Redundant router

Routers are an important resource within a location because they provide all external connectivity for all machines to the internet.

From our upstream providers we expect a reliability of at least 99,9% on each link and with redundant uplinks we expect an overall reliability of 99,99% on our upstream connectivity.

To improve the availability of our own routers without expensive high-availability hardware we use a redundant setup where two machines run an identical setup and can fail-over in a primary/secondary mode.

Our goal is to be able to guarantee a recovery of connectivity within less than 4 hours.

Configuration details: BGP-based

In locations that support it (currently: DEV, RZOB) we leverage BGP as a mechanism to dynamically provide fail-over capabilities between our routers and the uplink routers.

In this case the TR vlan does not have a fixed gateway address but retrieves this information dynamically from a BGP session with our provider.

All the internal VLANs (mgm, srv, fe) are configured on each router with a static regular IP in addition to the gateway IP which is a “floating” address and gets automatically assigned by the fail-over mechanism.

The gateway addresses of the IP networks in this location are assigned to a physical host in the directory that is not a real puppet client but a placeholder node. It is called <location-router> (e.g. “whq-router” for the router in our WHQ network).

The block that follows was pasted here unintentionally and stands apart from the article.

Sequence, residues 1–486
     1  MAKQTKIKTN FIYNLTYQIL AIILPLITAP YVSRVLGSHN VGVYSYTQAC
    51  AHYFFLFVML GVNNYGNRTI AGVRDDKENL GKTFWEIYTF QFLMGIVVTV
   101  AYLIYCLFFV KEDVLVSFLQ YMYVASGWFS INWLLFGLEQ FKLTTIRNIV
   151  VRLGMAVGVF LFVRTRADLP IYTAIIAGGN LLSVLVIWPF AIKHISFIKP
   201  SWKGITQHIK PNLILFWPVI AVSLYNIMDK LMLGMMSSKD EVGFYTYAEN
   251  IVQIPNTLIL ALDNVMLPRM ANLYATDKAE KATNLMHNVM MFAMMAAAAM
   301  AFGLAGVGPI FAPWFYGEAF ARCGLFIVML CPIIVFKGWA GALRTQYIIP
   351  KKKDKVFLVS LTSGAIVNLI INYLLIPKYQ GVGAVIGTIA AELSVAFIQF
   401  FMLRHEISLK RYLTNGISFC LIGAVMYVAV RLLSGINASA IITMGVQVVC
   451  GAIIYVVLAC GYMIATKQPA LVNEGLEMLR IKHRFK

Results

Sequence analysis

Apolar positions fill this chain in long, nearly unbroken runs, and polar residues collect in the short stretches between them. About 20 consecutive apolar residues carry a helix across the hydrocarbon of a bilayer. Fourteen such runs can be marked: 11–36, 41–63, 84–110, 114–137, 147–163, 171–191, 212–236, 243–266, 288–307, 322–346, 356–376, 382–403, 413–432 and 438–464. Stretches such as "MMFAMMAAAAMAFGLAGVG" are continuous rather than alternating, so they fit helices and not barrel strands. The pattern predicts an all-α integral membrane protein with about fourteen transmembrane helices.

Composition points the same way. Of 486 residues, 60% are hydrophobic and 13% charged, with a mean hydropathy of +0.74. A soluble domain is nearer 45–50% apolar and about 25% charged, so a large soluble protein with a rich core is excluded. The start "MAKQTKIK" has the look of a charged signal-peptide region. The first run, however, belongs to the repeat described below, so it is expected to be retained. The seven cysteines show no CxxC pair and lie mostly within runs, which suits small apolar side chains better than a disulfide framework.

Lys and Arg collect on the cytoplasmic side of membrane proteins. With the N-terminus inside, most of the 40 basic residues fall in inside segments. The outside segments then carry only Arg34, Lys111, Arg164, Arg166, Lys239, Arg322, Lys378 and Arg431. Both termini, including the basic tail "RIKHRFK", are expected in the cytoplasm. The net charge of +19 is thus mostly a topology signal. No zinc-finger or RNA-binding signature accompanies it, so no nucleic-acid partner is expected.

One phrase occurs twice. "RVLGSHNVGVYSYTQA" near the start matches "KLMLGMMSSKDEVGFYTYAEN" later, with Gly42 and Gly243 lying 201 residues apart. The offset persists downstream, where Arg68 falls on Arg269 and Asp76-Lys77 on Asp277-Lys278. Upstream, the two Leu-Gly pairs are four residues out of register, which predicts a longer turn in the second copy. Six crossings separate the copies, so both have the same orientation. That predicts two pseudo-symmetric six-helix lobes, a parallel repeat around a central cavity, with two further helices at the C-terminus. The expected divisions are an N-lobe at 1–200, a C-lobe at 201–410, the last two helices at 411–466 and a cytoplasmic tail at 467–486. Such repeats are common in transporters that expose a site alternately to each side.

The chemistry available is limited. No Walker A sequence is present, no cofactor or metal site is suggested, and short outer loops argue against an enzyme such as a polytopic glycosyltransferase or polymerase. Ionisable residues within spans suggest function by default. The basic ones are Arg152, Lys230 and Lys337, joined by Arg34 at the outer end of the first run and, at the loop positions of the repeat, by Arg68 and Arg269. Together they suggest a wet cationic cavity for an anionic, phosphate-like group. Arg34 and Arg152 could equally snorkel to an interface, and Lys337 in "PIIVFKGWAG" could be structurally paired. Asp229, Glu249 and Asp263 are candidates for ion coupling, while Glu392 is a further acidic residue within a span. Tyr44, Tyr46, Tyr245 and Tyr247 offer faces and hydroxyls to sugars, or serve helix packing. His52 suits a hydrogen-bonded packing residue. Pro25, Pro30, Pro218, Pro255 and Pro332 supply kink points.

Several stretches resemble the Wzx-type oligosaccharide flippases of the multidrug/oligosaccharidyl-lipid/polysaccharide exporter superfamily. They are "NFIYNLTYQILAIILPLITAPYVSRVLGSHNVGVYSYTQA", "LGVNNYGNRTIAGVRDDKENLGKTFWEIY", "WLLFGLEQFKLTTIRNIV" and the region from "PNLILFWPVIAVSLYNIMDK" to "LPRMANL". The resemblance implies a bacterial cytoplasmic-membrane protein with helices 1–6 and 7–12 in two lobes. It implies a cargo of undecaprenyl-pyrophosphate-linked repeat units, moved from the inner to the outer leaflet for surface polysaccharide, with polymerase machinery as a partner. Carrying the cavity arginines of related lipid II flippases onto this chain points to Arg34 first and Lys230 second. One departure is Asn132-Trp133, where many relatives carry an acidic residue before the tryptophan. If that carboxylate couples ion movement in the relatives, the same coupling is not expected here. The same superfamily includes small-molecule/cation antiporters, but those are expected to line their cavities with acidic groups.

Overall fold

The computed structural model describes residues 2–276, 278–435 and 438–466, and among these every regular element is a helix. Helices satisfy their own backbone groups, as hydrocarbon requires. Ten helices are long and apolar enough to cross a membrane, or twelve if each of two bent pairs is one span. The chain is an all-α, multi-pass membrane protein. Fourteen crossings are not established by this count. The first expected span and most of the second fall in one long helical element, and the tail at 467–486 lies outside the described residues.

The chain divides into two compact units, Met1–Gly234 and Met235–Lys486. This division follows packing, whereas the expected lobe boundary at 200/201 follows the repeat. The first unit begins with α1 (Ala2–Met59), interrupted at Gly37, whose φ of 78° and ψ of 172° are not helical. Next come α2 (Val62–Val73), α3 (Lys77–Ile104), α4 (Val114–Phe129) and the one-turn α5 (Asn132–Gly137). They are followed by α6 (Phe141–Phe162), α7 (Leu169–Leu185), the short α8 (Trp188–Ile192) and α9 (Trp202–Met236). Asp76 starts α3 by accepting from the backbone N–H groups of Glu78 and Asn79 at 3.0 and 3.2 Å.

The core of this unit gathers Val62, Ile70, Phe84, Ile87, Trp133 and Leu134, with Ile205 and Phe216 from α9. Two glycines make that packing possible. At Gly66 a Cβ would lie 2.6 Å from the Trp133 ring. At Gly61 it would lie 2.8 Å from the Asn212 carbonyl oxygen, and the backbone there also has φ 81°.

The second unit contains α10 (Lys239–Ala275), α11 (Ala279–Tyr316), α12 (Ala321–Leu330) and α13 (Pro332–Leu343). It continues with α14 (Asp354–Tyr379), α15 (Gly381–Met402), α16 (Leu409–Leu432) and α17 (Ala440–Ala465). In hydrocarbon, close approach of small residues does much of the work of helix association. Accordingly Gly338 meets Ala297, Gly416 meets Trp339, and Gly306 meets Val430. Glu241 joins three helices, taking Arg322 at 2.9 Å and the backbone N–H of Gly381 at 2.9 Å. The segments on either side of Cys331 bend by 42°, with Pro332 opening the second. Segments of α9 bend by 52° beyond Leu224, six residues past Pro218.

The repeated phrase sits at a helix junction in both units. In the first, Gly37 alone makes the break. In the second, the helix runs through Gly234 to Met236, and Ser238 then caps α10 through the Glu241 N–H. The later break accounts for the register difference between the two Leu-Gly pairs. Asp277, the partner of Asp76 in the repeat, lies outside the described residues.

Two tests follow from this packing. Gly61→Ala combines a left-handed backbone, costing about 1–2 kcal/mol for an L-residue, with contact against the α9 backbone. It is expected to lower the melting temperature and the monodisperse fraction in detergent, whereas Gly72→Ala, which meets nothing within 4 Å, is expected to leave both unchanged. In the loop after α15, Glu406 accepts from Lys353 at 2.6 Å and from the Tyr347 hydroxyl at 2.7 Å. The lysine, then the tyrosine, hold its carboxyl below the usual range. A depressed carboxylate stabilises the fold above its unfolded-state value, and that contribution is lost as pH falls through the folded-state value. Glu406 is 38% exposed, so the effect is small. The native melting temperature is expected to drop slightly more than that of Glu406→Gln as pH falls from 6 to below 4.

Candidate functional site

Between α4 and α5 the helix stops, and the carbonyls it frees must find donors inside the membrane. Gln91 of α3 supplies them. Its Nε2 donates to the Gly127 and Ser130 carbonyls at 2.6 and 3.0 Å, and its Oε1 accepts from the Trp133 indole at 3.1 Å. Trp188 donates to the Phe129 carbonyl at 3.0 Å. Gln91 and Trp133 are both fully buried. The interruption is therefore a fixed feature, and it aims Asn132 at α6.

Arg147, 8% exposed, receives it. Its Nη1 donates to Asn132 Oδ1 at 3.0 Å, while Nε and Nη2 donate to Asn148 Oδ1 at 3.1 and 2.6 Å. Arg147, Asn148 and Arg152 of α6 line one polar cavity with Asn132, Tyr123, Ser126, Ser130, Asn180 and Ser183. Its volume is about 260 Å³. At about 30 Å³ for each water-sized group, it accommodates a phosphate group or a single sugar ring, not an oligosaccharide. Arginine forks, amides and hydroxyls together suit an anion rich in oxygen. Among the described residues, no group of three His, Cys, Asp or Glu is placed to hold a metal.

The routers within our location use VRRP (https://de.wikipedia.org/wiki/Virtual_Router_Redundancy_Protocol) to decide which router should be the master. They leverage interface status information as well as default route availability.

When the primary/secondary switches then we also enable/disable the DHCPD and RADVD services accordingly.

Configuration details: Non-BGP

For locations that do not have BGP available from our providers (currently: WHQ and some customer-owned locations) we extend the VRRP configuration to the TR vlan and use a floating gateway IP there as well.

This is an older setup that does have some impact on availability under certain circumstances on the provide side and is less flexible from our side.

Manually switching master/backup routers

The master/backup role is normally automatically determined by an election process between all possible routers.

If for some reason, this should be manually changed, then the following steps need ot be performed:

  • locate the current master and log in per SSH
  • disable the keepalive daemon by calling /etc/init.d/keepalived stop (alternatively the daemon can be restarted)

Known issues

Inertia

Switching between routers back and forth quickly can cause visible customer outages as the process will cause some packets to be lost and BGP sessions to reconverge.